In the final workshop session, Robert J. Thomas (Cornell University) and J. Thomas Overbye (University of Illinois, Urbana-Champaign) concluded by noting that the electrical industry is vitally interested in getting its analytical methods right. The discussions provided throughout the workshop provided great insight into key areas of importance in data and data analytics, control optimization, and uncertainty.
Several topics were discussed on different occasions throughout the workshop. Points that were addressed by multiple speakers or participants during the course of the workshop include the following:
- Renewable energy integration. Several speakers (Bita Analui, Yonghong Chen, Steven Chu, and Pravin Varaiya) and breakout session participants discussed the importance and difficulty of integrating renewable energy into the grid. As distributed rooftop solar energy generation becomes increasingly prevalent, electrical providers need to find better ways to plan for and integrate these electricity sources. Chu discussed the possibility that individualized electricity storage for solar electricity (perhaps in the form of, or partnered with, electric vehicles) may help ease this transi-
tion. Another option discussed was increasing the prevalence of shorter-timescale markets in which renewables are able to more easily compete, compared to day-ahead markets.
- Consumer energy storage. Speakers (Steven Chu and David Sun) and breakout participants described the trend of some commercial and residential consumers moving to distributed personalized energy storage. As Chu discussed, this can come in the form of a large heat and power system, such as what is currently available at Texas Medical Center, or in the form of smaller individualized electricity storage for solar electricity (perhaps in the form of, or partnered with, electric vehicles).
- Aged transmission and distribution infrastructure. The current transmission and distribution system was described as being outdated (Steven Chu and Louis Wehenkel) and often relying on failing infrastructure that has surpassed its planned life span.
- Open-source software. A lack of open-source software was discussed by speakers Terry Boston and Matthew Gardner and breakout session participants. Gardner stated that increased use of, and comfort with, open-source solutions could help utilities update outdated models in multiple areas, and some breakout session participants stated that such a move could help engage a broader research community.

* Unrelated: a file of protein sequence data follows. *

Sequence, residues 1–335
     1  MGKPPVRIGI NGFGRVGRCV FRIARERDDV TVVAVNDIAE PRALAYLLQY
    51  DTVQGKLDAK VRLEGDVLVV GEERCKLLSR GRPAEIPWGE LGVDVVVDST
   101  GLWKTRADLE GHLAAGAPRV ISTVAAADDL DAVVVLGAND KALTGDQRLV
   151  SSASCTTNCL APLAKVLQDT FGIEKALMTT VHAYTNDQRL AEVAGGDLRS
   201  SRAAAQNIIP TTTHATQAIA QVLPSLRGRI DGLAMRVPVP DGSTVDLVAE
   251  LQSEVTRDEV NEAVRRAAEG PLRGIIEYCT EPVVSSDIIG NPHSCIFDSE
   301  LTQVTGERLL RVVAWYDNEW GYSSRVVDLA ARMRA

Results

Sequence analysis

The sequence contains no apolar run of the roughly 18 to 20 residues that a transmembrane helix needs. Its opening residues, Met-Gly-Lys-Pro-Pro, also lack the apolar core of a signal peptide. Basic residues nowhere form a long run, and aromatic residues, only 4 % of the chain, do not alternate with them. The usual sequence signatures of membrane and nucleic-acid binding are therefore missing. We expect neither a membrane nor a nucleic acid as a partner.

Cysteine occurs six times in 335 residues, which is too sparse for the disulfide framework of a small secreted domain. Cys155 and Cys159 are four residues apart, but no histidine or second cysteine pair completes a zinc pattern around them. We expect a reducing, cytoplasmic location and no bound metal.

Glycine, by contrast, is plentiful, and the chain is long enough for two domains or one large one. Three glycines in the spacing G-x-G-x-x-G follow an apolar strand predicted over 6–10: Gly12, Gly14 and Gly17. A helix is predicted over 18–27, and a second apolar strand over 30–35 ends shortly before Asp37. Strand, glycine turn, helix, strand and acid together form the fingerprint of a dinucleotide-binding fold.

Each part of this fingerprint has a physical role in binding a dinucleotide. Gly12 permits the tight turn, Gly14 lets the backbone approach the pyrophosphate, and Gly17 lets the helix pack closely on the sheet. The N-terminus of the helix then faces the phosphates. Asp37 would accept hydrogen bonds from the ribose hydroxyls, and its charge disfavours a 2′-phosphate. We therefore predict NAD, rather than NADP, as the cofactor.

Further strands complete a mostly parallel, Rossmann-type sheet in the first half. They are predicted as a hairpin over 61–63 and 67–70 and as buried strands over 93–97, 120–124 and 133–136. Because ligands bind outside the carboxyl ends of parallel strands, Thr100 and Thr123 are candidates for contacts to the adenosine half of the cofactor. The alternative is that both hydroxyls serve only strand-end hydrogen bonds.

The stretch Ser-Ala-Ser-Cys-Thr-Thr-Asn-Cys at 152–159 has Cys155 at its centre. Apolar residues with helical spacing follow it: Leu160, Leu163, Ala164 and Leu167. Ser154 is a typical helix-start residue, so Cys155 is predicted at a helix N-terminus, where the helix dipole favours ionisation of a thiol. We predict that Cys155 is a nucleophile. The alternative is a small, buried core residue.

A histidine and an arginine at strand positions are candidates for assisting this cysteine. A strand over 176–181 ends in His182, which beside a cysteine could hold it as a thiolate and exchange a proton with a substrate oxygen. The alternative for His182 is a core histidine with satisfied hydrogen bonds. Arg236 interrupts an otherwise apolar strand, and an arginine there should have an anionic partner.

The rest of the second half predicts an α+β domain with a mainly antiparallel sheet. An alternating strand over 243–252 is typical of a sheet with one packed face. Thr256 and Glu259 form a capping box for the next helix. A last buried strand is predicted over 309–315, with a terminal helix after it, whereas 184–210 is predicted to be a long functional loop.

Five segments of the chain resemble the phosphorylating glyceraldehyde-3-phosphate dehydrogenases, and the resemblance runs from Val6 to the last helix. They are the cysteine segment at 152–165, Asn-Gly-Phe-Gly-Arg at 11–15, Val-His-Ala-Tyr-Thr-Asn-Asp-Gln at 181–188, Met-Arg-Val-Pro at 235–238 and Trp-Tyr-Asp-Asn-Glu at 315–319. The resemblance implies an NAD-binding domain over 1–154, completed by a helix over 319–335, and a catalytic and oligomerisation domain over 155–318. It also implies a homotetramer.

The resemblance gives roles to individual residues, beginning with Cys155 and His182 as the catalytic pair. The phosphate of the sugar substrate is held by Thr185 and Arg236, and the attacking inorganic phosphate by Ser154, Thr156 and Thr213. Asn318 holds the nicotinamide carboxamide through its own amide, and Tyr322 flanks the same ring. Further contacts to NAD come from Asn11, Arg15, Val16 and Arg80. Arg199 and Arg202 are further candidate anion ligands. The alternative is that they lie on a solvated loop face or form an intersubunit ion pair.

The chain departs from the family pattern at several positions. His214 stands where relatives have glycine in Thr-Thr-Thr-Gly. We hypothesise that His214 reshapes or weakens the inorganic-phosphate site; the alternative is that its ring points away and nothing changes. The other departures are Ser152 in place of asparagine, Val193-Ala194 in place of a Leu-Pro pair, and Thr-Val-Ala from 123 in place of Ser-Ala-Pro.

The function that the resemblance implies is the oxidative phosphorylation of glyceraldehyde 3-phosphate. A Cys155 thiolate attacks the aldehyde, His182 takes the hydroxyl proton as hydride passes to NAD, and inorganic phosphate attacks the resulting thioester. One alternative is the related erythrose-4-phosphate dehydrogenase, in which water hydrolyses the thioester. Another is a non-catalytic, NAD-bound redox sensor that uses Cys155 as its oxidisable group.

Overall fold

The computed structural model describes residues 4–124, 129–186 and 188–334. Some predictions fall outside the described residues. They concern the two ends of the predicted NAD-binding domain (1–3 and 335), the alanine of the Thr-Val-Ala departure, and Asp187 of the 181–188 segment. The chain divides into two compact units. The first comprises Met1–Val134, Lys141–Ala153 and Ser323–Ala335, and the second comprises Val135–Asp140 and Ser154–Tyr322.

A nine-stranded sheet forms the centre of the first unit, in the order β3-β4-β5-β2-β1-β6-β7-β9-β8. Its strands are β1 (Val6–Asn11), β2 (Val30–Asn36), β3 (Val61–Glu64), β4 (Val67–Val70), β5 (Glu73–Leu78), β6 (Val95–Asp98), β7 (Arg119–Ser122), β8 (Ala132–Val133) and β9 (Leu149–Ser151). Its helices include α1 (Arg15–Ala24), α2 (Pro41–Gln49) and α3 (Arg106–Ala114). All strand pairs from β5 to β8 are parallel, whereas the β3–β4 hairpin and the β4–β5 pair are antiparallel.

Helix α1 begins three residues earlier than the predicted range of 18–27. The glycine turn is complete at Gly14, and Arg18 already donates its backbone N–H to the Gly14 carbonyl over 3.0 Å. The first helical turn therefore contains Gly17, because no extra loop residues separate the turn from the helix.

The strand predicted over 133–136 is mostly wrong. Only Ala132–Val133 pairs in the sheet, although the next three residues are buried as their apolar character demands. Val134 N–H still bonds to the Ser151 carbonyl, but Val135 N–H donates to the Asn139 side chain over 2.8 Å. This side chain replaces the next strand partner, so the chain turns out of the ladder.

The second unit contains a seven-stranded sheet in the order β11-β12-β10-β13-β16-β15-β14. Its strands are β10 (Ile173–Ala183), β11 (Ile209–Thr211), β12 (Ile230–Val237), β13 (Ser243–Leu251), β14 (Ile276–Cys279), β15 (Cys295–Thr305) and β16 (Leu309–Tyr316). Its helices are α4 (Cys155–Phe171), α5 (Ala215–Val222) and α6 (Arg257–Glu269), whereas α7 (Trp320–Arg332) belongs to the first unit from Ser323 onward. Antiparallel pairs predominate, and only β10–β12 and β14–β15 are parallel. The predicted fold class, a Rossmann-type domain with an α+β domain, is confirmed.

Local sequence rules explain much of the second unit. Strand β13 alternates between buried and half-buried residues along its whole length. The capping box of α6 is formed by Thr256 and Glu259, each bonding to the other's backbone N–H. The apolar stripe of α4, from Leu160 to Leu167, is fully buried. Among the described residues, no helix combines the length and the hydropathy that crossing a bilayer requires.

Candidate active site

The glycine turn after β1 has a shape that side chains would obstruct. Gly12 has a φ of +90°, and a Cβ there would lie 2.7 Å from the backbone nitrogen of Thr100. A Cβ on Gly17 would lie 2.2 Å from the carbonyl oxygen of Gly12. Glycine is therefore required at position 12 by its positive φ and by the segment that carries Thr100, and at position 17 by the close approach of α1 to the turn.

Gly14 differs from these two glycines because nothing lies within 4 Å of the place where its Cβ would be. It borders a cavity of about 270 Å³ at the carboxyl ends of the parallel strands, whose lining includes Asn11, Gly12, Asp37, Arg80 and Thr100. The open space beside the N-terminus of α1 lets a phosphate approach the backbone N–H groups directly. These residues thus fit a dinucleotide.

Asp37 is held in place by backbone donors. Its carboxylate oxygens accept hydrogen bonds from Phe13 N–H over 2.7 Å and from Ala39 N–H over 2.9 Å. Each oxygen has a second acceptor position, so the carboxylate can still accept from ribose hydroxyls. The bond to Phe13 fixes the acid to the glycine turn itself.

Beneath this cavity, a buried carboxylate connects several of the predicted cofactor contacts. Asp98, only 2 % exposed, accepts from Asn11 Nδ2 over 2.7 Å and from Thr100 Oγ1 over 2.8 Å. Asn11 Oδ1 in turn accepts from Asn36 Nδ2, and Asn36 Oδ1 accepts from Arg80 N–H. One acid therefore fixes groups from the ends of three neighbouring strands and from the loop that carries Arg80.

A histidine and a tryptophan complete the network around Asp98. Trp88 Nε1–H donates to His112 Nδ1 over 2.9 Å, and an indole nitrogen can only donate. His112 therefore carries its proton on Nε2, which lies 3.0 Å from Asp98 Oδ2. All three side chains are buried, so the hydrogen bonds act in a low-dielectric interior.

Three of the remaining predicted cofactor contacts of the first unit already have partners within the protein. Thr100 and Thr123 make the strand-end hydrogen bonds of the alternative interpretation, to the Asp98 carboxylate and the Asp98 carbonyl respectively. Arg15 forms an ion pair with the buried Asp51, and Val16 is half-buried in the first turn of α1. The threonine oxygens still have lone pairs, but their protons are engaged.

- Sharing data. Several speakers (Judy Cardell, Steven Chu, Matthew Gardner, and Louis Wehenkel) and breakout session participants discussed the need to share data responsibly both between utility providers and researchers. Data of particular interest are those from phasor measurement units. Wehenkel commented that more data need to be available, especially for estimation of the remaining lifetime of transmission system assets and the estimation of joint probabilities of multiple faults. Cardell and breakout session participants emphasized the need to consider consumer privacy while designing and deploying new technology.
- Evolving business models. Many speakers (Terry Boston, Michael Chertkov, Steven Chu, David Sun, and Pravin Varaiya) and breakout participants discussed the changing paradigm of the grid in the context of what it means for utility companies. Chu’s description was that as consumers move toward more rooftop solar, electric vehicles become commonplace, and large stationary batteries become widely available, more and better pricing and generation models are deployed and other alternatives, such as switching to a personalized gas generator, become more popular—compelling utilities to examine what this means for their current business models and how they will adapt. Sun believes that utility companies will adapt by unbundling existing services and offering new, more innovative services to consumers. Varaiya suggested that a potentially viable option